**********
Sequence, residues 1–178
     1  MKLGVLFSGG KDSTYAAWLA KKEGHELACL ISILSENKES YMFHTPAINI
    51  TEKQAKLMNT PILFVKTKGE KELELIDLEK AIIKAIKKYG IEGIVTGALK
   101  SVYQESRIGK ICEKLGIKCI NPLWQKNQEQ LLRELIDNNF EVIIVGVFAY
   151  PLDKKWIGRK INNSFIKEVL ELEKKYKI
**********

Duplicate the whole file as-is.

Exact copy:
Sequence, residues 1–178
     1  MKLGVLFSGG KDSTYAAWLA KKEGHELACL ISILSENKES YMFHTPAINI
    51  TEKQAKLMNT PILFVKTKGE KELELIDLEK AIIKAIKKYG IEGIVTGALK
   101  SVYQESRIGK ICEKLGIKCI NPLWQKNQEQ LLRELIDNNF EVIIVGVFAY
   151  PLDKKWIGRK INNSFIKEVL ELEKKYKI